It is a twist of fate.
The public library in my home town, with only three bookcases of English books, harbors a few books that have been turned into movies at one time or another.
Perhaps not too surprising considering that the preponderance of crime novels and crime novels seem to be a favorite genre of books to turn into a movie.
And one of them is ‘No Country for Old Men’.
It’s a depressing title for sure. It invokes the image of cranky oldsters reminiscing how everything used to be better: the milk, the butter, the cheese, the people and the crime.
And it is that kind of book.
It would have been boring, if the writer hadn’t employed a few things to keep your attention.
First is the MacGuffin of the story. A man, called Moss, runs into a crime scene and finds a suitcase with a few million dollars. Everyone is dead, nobody knows he is there. What would you do?
Moss takes the money and runs.
But running isn’t as easy as he might think. For one, there is family to contend with, and for another, a lot of a other people want that money as well.
One of those is the coldhearted psychopath Anton Chigurh. The man carves a path of dead bodies through humanity. The dead pile up wherever he goes.
Next to him are a lot of shady, often unnamed, types that take potshots at Moss. Most of them are more meat for the meat grinder that Chigurh is. More dead bodies.
Next to those are the authorities, represented by Sheriff Bell, the old man in the title.
The whole story then proceeds along these three lines: Moss, Chigurh and Bell and ends in a tone true to the title: sad. I leave it open how sad exactly.
There is however something problematic with this book. The whole psychopath-goes-wild-theme is somewhat too fabricated. For some reason Chigurh gets away with murdering scores of people without the FBI getting involved. McCarthy paints us a picture of a wacko massacring a lot of people, often in the open, and he doesn’t get caught or even suspected and so Bell can exclaim ‘this is no country for old men’ and ponder quitting his job. I found that a weak element in the book. It is simply unbelievable that anyone can get away with what Chigurh did without the federals getting on his case and someone gunning him down.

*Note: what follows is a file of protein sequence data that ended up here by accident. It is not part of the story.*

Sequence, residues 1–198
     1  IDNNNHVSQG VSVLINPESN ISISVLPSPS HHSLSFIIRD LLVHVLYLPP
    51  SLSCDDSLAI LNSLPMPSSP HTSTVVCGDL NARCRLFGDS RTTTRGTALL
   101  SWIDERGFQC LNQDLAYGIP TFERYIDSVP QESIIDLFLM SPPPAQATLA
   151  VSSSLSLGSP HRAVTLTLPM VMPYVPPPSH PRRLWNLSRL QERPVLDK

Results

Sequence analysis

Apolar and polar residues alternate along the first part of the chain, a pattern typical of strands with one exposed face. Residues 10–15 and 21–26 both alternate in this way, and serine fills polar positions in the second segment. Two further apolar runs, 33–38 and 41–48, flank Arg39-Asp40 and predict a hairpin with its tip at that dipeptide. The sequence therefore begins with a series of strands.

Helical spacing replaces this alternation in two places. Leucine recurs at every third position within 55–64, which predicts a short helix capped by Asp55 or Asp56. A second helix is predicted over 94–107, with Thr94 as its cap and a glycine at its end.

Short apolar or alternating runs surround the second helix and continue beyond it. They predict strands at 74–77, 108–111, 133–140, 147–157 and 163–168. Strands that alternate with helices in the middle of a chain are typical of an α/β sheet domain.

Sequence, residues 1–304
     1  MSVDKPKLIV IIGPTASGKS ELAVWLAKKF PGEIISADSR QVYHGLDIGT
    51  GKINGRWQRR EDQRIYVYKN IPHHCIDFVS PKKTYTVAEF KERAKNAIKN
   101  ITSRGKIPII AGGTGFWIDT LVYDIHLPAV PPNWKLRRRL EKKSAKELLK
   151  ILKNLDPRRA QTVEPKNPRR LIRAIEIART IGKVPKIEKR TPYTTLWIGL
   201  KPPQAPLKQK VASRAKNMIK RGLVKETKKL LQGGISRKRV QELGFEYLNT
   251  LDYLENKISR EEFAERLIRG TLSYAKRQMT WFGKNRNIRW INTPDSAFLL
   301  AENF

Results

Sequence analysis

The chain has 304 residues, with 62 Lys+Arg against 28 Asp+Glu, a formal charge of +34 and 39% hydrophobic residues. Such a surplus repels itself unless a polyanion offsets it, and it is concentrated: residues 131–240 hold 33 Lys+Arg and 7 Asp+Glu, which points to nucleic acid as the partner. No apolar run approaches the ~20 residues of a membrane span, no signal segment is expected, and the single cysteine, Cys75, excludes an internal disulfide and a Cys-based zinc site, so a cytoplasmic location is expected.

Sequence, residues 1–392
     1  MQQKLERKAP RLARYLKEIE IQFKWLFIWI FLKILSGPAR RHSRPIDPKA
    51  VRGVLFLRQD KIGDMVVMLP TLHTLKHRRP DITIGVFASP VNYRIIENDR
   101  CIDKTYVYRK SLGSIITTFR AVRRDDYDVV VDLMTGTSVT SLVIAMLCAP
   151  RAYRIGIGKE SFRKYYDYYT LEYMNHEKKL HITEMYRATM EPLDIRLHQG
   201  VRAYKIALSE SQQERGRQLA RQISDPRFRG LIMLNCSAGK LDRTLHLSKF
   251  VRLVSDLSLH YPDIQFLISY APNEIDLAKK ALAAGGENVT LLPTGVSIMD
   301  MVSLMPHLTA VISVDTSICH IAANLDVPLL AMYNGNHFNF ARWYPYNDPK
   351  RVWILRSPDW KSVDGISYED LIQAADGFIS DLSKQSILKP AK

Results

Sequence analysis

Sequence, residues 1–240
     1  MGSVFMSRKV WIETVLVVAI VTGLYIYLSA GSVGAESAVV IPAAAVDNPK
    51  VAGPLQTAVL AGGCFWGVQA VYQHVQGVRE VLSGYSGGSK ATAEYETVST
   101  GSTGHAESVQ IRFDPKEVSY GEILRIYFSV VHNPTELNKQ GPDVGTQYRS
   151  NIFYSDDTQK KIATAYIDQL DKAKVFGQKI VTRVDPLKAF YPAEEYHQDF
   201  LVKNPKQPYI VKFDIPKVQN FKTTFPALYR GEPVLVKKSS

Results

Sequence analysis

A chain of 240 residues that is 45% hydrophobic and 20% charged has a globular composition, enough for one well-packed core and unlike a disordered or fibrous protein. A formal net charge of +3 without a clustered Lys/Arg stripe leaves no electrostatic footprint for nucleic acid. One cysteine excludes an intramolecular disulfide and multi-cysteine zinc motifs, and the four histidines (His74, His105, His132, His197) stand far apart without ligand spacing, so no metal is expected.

Now this all makes for a book that would not have gotten more than three stars from me, if it wasn’t for the writing style. McCarthy uses various styles to tell the story. There is the internal monologue of Bell. There is the third person view of Moss and Chigurh and there is the for me interesting style of dialog.
I am used to write dialog like this:
“Where are you driving to?,” Merit says.
But McCarthy writes it down like this:
Where you going?
No “”, and usually no indicating of who says what. This could become confusing if not handled properly, but McCarthy does as he pulls it off if you pay attention. Sometimes I had to read back a little, but he usually keeps it clean enough so you are sure who is saying what.
For that I am giving McCarthy some extra credits. That is why I give the book 4 stars.